Please Wait. Searching ...
|Case Number:||Criminal Appeal 74 of 2016 & Criminal Appeal 72 & 73 of 2017 (Consolidated )|
|Parties:||Luka Wekesa Mmwelo, Edwin Omuzee Shikutwa & Robert Makayi Murunga v Republic|
|Date Delivered:||18 Dec 2019|
|Court:||High Court at Kitale|
|Judge(s):||Hilary Kiplagat Chemitei|
|Citation:||Luka Wekesa Mmwelo & 2 others v Republic  eKLR|
|Advocates:||Mr Omoori for respondent|
|Case History:||(As consolidated with Nos, 72 & 73 of 2017) (Being an appeal from the Judgement of Hon. P. Biwott in criminal case No. 3344 of 2015)|
|Advocates:||Mr Omoori for respondent|
|History Docket No:||criminal case No. 3344 of 2015|
|History Magistrate:||Hon. P. Biwott|
|History Advocates:||One party or some parties represented|
|Case Outcome:||Appeal dismissed|
|Disclaimer:||The information contained in the above segment is not part of the judicial opinion delivered by the Court. The metadata has been prepared by Kenya Law as a guide in understanding the subject of the judicial opinion. Kenya Law makes no warranties as to the comprehensiveness or accuracy of the information|
REPUBLIC OF KENYA
IN THE HIGH COURT OF KENYA
CRIMINAL APPEAL NO 74 OF 2016
(As consolidated with Nos, 72 & 73 OF 2017)
(Being an appeal from the Judgement of Hon. P. Biwott in criminal case No. 3344 of 2015)
LUKA WEKESA MMWELO...................................................1ST APPELLANT
EDWIN OMUZEE SHIKUTWA..............................................2ND APPELLANT
ROBERT MAKAYI MURUNGA.............................................3RD APPELLANT
LUKA WEKESA MMWELO......................................................1ST ACCUSED
EDWIN OMUZEE SHIKUTWA...............................................2ND ACCUSSED
ROBERT MAKAYI MURUNGA.................................................3RD ACCUSED
1. The Appellants were jointly and severally charged with the offence of Robbery with violence contrary to Section 296(2) of the Penal Code. The particulars of the charge were that on the 22nd day of July 2015 at around 10.00 pm at Line Member Trans-Nzoia County jointly while armed with dangerous weapons namely metal bar robbed PAMELA SITAI cash kshs. 10,000, one hand bag, 3 ATM cards, National identity cards, two phones TECNO and LEVONO all valued at kshs. 20,500 and at or immediately after such robbery used actual violence to the said PAMELA SITATI.
2. The second count was also Robbery with violence contrary to Section 296(2) of the Penal Code. The particulars of the charge were that on the 22nd day of July, 2015 at LINE MEMBER area within Trans Nzoia County jointly while armed with dangerous weapons namely metal bar robbed NELY CHEBET of Kshs. 3,450 and mobile phone make bird valued at kshs 2000 and at or immediately after such robbery used actual violence to the said NELLY CHEBET.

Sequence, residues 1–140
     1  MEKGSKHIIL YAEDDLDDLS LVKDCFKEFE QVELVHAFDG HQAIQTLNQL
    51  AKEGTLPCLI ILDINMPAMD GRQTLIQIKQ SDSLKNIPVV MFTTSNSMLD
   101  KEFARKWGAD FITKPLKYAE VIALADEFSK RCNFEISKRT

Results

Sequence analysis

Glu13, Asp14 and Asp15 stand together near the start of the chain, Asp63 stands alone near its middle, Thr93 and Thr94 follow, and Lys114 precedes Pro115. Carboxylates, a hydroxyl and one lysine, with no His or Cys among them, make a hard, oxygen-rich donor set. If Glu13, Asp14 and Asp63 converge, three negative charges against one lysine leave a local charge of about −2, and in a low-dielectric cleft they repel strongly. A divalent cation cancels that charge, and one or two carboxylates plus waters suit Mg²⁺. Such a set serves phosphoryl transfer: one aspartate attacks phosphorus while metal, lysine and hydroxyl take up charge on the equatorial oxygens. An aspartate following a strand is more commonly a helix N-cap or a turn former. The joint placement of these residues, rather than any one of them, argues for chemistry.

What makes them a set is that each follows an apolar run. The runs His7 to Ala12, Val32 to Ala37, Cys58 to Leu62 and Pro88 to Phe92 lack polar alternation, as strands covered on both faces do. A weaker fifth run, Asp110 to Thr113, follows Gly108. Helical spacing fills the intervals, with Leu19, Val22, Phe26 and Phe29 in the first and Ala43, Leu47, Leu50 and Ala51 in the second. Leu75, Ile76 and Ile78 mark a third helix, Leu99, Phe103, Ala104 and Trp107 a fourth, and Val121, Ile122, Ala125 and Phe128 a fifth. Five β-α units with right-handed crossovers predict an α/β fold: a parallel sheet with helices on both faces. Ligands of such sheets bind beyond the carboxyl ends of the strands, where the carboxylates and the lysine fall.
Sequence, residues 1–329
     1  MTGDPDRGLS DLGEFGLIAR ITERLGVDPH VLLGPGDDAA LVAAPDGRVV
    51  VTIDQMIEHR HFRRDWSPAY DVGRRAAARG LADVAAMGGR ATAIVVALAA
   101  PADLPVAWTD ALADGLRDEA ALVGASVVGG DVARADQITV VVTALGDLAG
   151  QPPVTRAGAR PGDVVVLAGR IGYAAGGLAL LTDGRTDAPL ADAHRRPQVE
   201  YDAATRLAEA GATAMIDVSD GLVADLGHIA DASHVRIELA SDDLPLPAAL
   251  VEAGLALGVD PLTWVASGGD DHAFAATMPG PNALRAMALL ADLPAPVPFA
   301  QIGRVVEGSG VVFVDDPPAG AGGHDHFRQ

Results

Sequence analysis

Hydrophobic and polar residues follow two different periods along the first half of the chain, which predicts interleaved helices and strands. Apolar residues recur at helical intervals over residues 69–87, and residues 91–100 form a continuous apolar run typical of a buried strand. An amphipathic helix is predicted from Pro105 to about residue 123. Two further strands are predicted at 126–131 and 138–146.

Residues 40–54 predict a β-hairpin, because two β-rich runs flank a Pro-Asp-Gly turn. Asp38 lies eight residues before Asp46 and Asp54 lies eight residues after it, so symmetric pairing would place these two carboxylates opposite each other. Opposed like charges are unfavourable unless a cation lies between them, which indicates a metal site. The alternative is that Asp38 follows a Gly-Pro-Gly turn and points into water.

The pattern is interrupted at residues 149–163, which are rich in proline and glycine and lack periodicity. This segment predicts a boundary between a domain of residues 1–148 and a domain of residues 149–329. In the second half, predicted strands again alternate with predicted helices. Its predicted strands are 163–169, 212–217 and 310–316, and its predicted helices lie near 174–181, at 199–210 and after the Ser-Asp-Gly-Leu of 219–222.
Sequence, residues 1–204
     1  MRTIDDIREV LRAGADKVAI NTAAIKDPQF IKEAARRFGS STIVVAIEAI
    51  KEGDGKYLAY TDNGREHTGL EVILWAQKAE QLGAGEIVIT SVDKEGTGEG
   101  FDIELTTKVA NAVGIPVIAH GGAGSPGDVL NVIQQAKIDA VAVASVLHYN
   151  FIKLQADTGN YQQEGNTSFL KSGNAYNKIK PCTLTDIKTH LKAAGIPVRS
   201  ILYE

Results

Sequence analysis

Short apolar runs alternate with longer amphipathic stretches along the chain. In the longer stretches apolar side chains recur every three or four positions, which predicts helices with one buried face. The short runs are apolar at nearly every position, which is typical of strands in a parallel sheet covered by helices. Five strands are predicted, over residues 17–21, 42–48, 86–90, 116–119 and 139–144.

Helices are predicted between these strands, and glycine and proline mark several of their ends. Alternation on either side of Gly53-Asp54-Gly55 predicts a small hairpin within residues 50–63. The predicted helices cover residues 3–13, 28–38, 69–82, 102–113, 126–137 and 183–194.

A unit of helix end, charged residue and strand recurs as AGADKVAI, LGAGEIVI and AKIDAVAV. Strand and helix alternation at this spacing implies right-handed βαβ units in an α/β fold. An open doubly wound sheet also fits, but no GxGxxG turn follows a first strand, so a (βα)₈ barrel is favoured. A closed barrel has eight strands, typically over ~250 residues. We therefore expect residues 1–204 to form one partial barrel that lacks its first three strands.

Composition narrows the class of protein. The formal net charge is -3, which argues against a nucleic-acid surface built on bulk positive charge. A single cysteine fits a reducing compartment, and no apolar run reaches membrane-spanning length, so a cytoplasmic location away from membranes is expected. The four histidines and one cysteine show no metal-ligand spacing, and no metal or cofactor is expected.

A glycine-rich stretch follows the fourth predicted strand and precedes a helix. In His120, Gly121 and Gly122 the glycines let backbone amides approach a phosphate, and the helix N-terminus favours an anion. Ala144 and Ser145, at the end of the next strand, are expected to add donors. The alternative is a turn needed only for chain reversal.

3. The alternative charge was handling stolen property contrary to Section 322(2) of the Penal Code. The particulars of the charge were that on the 22nd day of July 2015 at LINE MEMBER area within Trans-Nzoia County, otherwise than in the cause of stealing, dishonestly received or retained one handbag containing bank statements, deep fried fish and liver, two mobile phones, Tecno and Lenovo, knowing or having reasons to believe them to be stolen goods.
4. The Appellants were each convicted and sentence to suffer death. Their co –accused was acquitted for lack of sufficient evidence. For purposes of this appeal the same was consolidated and each of the appellants have separately filed their respective submissions. The learned state counsel has equally filed his submissions. This court shall proceed to summarise the evidence as presented during trial and thereafter proceed to analyse the same and come up with some appropriate findings.
5. PW1, PAMELA SITATI, the complainant testified that on 22nd July 2015 she had closed her business and was walking home with her co-complainant Chebet. On their way a motorbike bypassed them and after a short distance it made a U-turn and came back. The three occupants alighted and began attacking them. They ransacked their valuables and snatched her bag which contained her phone and some money and bank ATM.
6. Through the aid of the passing motor vehicles she was able to see the armed assailants. She managed to run away and entered the house of Chebets sister and later reported the matter at the police station. Her friend had sustained some injuries on her buttocks and other parts of the body.
7. She was later called to the police station where she was able to identify her items as well as the assailants in an identification parade.
8. When cross examined, she said that the 1st Appellant was riding the motor cycle and she identified the 2nd Appellant from his long hair.